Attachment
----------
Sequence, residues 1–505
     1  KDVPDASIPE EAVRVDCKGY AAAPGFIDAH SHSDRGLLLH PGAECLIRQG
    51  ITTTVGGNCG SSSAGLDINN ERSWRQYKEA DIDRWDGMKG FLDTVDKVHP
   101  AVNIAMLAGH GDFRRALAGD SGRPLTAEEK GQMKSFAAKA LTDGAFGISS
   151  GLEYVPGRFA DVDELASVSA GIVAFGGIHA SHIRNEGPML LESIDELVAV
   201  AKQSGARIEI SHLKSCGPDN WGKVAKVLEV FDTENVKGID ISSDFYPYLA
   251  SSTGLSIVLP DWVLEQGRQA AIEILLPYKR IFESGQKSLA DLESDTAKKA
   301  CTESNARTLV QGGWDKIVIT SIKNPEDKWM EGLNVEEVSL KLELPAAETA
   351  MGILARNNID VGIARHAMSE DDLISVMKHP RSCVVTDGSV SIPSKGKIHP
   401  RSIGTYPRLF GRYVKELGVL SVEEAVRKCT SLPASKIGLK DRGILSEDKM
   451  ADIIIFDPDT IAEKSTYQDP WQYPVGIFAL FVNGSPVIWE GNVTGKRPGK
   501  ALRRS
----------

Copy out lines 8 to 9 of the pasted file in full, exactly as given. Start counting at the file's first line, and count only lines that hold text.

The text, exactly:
   301  CTESNARTLV QGGWDKIVIT SIKNPEDKWM EGLNVEEVSL KLELPAAETA
   351  MGILARNNID VGIARHAMSE DDLISVMKHP RSCVVTDGSV SIPSKGKIHP